You may have noticed some things about the recipes I publish in this little corner of the internet. Or maybe you haven’t, which is why this might be a helpful read. The recipes I create all follow a similar pattern and I wanted to dive a little bit deeper into that today!
To back up for a second, this post was inspired by one of my online networking groups. I put out a call for football food recipes that I could feature in a roundup and I ended up getting a slew of recipe links that didn’t fit with my style at all.
Now, I am by no means dogging on anyone else’s work or saying that I’m right and they’re wrong. I just think it’s important to stay true to yourself as a practitioner and in that moment I realized that I had no interest in writing the article I had originally planned. I think it turned out to be a positive thing because it made me take a step back and consider what I do like to see in a recipe and why I create them in the way that I do.
Things I Consider When Creating New Recipes
I usually shoot for 30 minutes or less. I especially love making something traditionally time-intensive faster and/or easier. Case in point: my 20-minute ramen! Since I primarily like to work with busy people who want to streamline their meal planning, prepping and cooking process, I always want my recipes to support this. I enjoy longer cooking projects too, but when it comes to weeknights I like things to be quicker.
This means that I try to use ingredients that you can find at your local grocery store. It can be fun to experiment with the non-traditional stuff sometimes but I know cooking can already be intimidating so I try not to add anything too wild and if I do, I’ll generally provide a substitution for those who might not be able to find it.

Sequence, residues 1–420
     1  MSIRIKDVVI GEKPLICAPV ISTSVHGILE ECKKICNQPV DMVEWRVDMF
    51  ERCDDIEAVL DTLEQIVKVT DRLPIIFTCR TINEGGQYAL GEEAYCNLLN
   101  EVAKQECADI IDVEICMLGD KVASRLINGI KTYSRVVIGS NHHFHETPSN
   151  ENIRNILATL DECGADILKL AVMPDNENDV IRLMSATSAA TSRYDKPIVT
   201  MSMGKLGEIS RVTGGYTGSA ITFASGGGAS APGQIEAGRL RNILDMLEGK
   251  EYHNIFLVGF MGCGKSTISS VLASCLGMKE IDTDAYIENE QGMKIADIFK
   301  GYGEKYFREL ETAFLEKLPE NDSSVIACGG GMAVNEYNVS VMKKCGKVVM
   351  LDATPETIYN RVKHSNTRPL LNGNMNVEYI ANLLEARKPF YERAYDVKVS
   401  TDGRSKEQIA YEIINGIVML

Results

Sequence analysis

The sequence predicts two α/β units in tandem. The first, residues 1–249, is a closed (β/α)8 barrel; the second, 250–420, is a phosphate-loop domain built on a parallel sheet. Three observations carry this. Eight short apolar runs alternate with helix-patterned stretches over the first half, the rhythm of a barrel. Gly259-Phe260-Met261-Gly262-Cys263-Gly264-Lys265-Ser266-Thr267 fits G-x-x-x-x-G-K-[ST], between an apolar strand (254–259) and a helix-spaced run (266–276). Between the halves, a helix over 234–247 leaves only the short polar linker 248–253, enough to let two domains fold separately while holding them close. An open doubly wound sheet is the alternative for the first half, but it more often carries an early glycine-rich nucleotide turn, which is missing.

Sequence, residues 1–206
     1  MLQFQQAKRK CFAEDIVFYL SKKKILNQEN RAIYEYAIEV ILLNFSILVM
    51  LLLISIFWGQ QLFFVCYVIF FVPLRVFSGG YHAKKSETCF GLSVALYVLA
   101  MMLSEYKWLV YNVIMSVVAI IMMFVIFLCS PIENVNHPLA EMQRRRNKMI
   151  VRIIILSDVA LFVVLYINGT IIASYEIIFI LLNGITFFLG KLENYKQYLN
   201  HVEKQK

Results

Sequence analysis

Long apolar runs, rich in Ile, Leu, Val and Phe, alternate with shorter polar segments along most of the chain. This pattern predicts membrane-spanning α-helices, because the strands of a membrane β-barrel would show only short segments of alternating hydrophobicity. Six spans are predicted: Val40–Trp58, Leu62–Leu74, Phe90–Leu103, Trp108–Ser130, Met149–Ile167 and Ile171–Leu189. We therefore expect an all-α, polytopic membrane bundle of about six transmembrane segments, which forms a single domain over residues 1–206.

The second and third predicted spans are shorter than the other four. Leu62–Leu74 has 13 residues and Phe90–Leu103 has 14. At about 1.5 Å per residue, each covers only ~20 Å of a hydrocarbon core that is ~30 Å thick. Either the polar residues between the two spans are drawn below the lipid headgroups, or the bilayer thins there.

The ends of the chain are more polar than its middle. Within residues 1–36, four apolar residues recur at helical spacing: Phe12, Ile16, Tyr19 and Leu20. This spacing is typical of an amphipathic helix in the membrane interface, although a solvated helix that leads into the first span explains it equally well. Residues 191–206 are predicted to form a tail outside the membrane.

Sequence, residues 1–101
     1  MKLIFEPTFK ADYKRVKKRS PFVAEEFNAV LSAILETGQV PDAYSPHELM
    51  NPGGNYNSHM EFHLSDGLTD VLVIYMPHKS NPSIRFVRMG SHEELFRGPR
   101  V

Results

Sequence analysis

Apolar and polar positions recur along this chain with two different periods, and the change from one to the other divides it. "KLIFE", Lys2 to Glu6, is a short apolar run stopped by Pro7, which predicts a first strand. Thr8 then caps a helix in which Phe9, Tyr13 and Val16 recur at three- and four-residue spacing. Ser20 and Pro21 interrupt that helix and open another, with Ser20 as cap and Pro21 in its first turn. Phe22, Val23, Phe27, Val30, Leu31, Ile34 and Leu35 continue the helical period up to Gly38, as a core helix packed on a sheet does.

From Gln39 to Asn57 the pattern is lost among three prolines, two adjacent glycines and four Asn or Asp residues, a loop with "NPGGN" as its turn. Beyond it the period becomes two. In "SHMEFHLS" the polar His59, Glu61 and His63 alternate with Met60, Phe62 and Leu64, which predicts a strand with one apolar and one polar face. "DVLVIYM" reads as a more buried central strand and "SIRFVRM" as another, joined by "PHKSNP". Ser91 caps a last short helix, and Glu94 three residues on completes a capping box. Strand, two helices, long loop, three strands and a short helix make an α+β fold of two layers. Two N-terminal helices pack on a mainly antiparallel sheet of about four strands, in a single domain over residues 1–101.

The recipes I develop are all things that I make and eat on the regular in my house so if they don’t taste good, I won’t publish them. It’s a huge peeve of mine that healthy tends to be associated with things like raw kale (who in the world actually eats it that way?).
It’s another peeve of mine when someone posts a recipe on the internet just because the photos are pretty. Rest assured that most of the time, I end up posting things that I made on a whim and ended up tasting really good. If you ever make one that doesn’t turn out so well, let me know so I can figure out what happened.
Lastly, I love using fruits, vegetables, grains and beans in a creative way, while still staying true to the first three points on this list. I follow a lot of food bloggers and recipe creators but I like to think this is a twist that sets me apart even if just a little bit.
RELATED // Roasted Cauliflower Tostadas
No, I don’t plan on replacing all of the meat in my kitchen with cauliflower or anything, but it can certainly keep things interesting to get outside of your comfort zone once in awhile.
Two Things I Don’t Do
Follow one specific dietary Plan
If you check out my recipe page, you’ll notice that when it comes to food, I don’t discriminate. I feature anything from pork, to seafood to dairy to whole grains. I’ve even got vegan and gluten-free recipes covered (okay that last one was kind of a joke).
I totally see the value in labeling things (way easier to find on Google and Pinterest), but I also worry about implying that something paleo or gluten-free is inherently healthier than their conventional counterparts, which isn’t necessarily the case. So while I might mention whether a recipe meets one of these dietary needs, always remember that I’m not doing it to endorse any one particular diet for all readers.
Use Words like “lightened up”
This might sound odd coming from a dietitian, but I typically avoid referring to recipes as “lightened up”, “skinny” or any other similar terms. In general, I feel like this type of recipe relies on diet, low fat, or artificially-sweetened ingredients when I tend to lean toward the real stuff in more moderate amounts.
Leave me a comment: What qualities do you tend to look for when searching for recipes?
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